So, coming full circle I felt compelled to try and do something to help. Life feels better for me when I help, and this is how I've decided to do so.
I sourced a product from a manufacturer working with sustainable fibres. They make bamboo and corn fibre disposable sanitary pads. Bamboo is an amazing material. It grows so quickly, the harvesting process doesn't erode the soil- it's cut like a grass, and keeps growing, rather than being ripped out by the roots like most plants. It's naturally pest resistant, meaning no chemicals or pesticides are needed to grow it. The structure of the fibre is quite hollow, so it has lots of room for absorbing moisture, which is perfect for pads, drawing the moisture away from your body.
The pads have one layer of polyethylene plastic, to ensure they are leak proof- there would be no point if they leaked right? But my manufacturers and I are working together on making a version that works just as well and uses a biodegradable plastic. That's exciting. (The bigger I get the more chance I have of making that happen.) Then they are individually wrapped in a biodegradable plastic sleeve to keep them clean, a recyclable cardboard box, again, reducing the plastic that will sit in landfill forever. They are also free from chlorine and dioxin bleach.
I needed just over $40 000 to buy my first order from the manufacturers. That's where the garage full of pads comes into it. I didn't have $40 000. No bank would take me seriously when I told them what I wanted the money for, so I decided to try and crowd fund the idea. In May 2014 about 1200 women believed in my idea and invested about $30 each to pre-order some of these pads until I had reached the amount I needed to buy my first shipping container. In October 2014 they arrived, and now here I am...with lots of pads. In February 2016 I placed my second order (woohoo the concept is working!) and now have even more pads than before.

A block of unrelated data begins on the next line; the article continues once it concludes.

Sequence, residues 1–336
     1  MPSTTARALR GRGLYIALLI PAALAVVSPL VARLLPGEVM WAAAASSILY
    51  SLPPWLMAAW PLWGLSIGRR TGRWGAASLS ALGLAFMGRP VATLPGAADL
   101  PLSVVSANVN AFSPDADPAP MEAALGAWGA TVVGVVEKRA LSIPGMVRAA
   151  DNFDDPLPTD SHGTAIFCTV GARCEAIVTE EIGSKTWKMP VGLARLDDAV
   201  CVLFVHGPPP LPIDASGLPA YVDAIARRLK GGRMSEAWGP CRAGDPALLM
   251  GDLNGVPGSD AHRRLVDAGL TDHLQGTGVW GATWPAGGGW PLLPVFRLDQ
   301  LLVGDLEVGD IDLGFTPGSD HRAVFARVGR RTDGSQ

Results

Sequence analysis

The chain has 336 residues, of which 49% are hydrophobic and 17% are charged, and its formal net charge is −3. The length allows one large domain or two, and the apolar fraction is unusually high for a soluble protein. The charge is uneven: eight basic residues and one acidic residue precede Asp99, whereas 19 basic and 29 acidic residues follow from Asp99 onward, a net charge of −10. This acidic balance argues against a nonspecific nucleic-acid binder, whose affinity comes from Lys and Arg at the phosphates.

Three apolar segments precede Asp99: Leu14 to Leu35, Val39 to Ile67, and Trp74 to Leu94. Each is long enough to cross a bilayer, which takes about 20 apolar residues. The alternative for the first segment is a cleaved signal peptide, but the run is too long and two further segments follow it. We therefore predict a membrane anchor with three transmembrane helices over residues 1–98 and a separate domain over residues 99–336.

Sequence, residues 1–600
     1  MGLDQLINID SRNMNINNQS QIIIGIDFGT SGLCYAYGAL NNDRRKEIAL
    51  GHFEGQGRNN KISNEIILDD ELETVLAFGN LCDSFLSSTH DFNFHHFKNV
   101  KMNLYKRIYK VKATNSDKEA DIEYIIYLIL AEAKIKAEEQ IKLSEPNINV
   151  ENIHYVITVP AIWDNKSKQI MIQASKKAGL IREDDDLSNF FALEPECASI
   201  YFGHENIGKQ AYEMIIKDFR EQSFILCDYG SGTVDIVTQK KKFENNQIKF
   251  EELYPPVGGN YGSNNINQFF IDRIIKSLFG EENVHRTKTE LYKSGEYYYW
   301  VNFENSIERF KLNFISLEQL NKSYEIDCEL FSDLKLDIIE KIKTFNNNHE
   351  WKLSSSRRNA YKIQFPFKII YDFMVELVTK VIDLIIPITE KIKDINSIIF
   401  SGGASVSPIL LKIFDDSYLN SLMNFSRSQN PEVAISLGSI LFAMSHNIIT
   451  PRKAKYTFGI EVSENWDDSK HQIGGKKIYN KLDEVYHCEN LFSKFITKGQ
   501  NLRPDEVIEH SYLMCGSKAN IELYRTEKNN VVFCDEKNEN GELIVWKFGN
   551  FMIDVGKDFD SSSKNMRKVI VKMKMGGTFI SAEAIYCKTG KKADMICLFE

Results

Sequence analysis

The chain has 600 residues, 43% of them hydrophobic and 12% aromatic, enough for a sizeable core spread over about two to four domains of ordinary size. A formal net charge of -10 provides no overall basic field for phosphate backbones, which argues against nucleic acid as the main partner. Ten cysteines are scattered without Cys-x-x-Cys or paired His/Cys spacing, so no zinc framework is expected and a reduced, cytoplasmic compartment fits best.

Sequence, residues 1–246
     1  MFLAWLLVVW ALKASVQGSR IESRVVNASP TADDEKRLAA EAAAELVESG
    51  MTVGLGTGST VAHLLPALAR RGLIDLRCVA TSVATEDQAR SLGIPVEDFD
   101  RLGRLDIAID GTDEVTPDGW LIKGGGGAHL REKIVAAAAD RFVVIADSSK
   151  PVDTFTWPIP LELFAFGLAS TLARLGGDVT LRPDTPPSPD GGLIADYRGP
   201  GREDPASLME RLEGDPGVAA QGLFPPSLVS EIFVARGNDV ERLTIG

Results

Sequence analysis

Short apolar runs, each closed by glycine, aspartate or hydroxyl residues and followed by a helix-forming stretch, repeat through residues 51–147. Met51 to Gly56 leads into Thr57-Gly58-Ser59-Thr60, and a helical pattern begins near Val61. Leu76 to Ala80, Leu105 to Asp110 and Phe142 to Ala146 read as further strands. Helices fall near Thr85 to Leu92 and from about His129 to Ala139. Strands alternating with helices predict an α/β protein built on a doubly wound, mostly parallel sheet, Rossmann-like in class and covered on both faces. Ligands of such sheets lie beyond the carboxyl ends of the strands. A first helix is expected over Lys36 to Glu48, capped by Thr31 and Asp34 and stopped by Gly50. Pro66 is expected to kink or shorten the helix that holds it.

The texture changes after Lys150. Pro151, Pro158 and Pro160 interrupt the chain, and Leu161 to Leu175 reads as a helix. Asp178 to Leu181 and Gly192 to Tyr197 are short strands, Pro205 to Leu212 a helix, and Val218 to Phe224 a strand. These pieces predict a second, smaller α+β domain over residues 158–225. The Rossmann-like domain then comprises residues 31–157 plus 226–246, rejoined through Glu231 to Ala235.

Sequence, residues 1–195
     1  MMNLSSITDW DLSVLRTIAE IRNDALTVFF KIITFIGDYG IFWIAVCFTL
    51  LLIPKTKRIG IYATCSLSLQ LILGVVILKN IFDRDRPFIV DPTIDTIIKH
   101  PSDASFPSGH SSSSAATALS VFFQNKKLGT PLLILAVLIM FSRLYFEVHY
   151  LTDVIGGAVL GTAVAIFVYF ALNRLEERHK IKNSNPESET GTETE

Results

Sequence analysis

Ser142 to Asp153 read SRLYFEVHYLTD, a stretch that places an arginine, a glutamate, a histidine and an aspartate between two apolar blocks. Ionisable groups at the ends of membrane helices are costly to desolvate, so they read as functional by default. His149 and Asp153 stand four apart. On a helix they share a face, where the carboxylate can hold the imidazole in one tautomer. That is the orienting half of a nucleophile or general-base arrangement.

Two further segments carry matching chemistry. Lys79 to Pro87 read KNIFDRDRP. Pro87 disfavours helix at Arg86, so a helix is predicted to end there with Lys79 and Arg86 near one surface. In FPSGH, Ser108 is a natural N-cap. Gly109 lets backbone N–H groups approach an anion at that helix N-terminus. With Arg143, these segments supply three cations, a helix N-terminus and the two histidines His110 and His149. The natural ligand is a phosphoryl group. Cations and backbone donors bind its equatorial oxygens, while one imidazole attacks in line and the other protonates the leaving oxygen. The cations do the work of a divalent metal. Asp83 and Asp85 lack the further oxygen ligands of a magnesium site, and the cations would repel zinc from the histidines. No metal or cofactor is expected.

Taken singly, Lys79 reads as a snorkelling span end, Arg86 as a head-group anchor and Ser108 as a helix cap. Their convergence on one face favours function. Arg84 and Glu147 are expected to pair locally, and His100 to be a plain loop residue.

These bamboo pads I sell go under the name Tsuno. If you are wondering how to say that, it's kind of like tsunami. But it didn't actually have anything to do with a giant 'crimson wave', that was a funny connection I realised afterwards. Yoko Tsuno was a cartoon character who was the epitome of a competent woman. She was an engineer, a pilot, a scuba diver, amongst many other great things. Nothing really held her back, and definitely not her period. I liked the name. It's good. Tsuno is good.
Why is Tsuno good? I donate 50% of net profits from the sale of these pads to charities helping to empower women in the developing world. Right now I have an agreement with One Girl, who give education scholarships to girls in Sierra Leone and Uganda, and run an amazing menstrual hygiene program called Launch Pad.
A little while after starting Tsuno I heard about Share the Dignity, Essentials for Women SA and the Asylum Seeker Resource Centre. Before then I had not given much thought to what it must be like to be an asylum seeker arriving here with nothing, a homeless woman in Australia, or fleeing from domestic violence. In the last year, more than 10000 boxes of pads have been donated to these organisations through the Tsuno website, from the generous public and matched donations from Tsuno.
Thank you so much for taking an interest in this business I now spend most of my waking hours working on, it's a work in progress and it's fun and I hope you like it.